Today, Saturday, July 18th, is our own, personal Morton Arboretum day, remember? Masks are required, don’t forget. We’ll take a leisurely stroll through the Arboretum’s many trail and read up on their efforts to preserve and enhance the natural beauty of this wonderful, 800+ acre space dedicated to the Morton family motto: “Plant Trees”. We have early passes, so let’s meet in the main lot, just before our 7am start time, at 4100 Illinois Route 53, Lisle, www.mortonarb.org.
Will we look for trolls? There is a Troll Hunt in the Arboretum, and we can stroll past the trolls while we walk. There are six of them, and one is reputed to be sixty feet long! Take an online look here before we go: www.mortonarb.org/events/troll-hunt, See what I mean?
By now, Sunday, July 19th, you have started learning the new language we so frequently talk about, right? Or improved your skills in one you perhaps should know a little better? Not yet? Here is a free language program that will help you do just that. There are others, of course, but here is a good place to start, www.duolingo.com. It starts off with the very basics, and I’m sure, my friends, we will all make good progress quickly and impress each other with out new found skills.
It’s time to go away for a weekend! So today, Friday, July 24th, let’s leave work just a bit early, shall we, and take the drive out to Galesburg, Illinois, the boyhood home of the famous poet, Carl Sandburg. There are plenty of places to stay, many of the local restaurants have acceptable outdoor seating, and just walking through the streets of this historic town will do us all some good.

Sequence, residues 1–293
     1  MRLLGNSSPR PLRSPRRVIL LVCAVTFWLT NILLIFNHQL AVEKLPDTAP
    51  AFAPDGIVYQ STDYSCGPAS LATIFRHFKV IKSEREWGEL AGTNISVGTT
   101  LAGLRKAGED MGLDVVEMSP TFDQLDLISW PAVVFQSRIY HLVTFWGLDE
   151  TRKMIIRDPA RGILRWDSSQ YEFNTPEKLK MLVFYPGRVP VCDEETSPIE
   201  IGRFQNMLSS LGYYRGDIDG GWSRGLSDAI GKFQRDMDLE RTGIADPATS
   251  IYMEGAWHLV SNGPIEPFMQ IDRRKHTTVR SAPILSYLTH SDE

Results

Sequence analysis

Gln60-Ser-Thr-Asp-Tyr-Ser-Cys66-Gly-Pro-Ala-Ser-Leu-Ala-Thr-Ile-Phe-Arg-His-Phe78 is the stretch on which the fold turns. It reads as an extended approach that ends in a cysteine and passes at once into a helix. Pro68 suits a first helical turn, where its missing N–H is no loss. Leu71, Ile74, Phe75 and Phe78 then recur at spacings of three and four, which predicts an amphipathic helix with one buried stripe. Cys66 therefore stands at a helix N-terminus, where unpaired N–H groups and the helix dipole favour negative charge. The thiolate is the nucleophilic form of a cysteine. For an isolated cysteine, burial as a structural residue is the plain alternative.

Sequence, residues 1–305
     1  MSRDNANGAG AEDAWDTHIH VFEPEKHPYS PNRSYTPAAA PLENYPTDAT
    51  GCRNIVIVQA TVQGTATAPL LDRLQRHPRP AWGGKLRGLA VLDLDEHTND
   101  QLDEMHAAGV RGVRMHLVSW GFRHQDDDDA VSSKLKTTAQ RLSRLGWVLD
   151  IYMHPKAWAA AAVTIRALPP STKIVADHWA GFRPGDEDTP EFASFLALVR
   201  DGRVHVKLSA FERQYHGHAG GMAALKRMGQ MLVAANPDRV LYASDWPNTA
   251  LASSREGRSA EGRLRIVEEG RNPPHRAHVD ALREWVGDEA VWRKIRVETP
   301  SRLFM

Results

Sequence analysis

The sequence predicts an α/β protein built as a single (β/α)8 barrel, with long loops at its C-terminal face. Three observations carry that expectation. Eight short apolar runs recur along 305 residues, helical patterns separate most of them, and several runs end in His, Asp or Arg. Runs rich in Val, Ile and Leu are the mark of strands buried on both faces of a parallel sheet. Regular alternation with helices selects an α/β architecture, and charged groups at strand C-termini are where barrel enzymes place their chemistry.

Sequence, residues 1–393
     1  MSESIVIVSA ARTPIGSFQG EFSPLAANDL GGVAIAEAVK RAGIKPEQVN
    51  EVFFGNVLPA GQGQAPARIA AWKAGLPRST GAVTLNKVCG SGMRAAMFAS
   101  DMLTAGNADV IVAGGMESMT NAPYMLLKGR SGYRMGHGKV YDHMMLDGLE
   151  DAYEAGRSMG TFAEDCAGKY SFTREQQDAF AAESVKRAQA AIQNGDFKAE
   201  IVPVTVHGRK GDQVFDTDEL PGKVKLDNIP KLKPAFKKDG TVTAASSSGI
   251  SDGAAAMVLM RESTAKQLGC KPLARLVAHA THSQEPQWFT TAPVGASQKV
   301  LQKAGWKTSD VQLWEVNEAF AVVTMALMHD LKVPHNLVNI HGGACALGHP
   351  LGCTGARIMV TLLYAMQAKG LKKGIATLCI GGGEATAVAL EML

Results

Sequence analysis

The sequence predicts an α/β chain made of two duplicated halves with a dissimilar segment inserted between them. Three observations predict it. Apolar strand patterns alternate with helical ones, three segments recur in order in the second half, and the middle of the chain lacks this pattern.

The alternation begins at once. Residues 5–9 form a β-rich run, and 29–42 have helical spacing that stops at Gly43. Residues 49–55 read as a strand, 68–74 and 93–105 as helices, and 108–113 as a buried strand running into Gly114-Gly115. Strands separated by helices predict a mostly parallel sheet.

We’re hoping, of course, that by Saturday and Sunday, July 25th and 26th, things will be open to visitors; the Railroad Museum is particularly interesting. But really, I’m most looking forward to visiting Knox College, and the site one of the 1858 Lincoln-Douglas debates. In these famous debates the anti-slavery Republican candidate, Abraham Lincoln, faced off against the pro-slavery Democratic incumbent, Stephen Douglas. The result was that the Illinois senate re-elected Douglas, but the Democratic party was split and so badly damaged that in the 1860 Presidential election Mr. Lincoln prevailed handily against the Democratic candidate, the very same Stephen Douglas.
In any case, we’ll have a marvelous weekend out, a well[-earned respite indeed. Drive home carefully, please?
This evening, Saturday, August 1st, the two of us are staying home and taking ALL the virtual tours available from Le Gallerie Degli Uffizi, https://www.uffizi.it/en/video-stories. This amazing museum, located in Florence, Italy, is again open to the public, but we have no plans for that trip this year, so, it’s virtual tours for us. This fabulous place was built in the mid-16th century, as the “Uffizi” (“offices” in English), the administrative headquarters for the city’s Tribunals, Guilds, Corporations and Courts.
Of particular interest is the “Hypervisions” segment called Miraculous Healings. Here we’ll explore paintings that reveal the workings of ancient, saintly physicians as they work their cures through the power of God. Go through this, it’s really fascinating to see how artists conveyed facial expressions, gave attention to details, and included references to both ancient and contemporary takes on the legends and biblical verses they so adroitly depicted.
Well, friends, readers and fellow adventurers, yet again another great month has just flown by. Our lives have been impacted by Covid-19, by flooding, by other forces beyond our control. Nevertheless, we continue on, working, supporting our families in every way, reaching out to strangers in need as well as our friends, and exploring and adventuring as only we know how. WOW!
Until next month, dear readers, enjoy and embrace all the wonderful experiences Chicago offers us.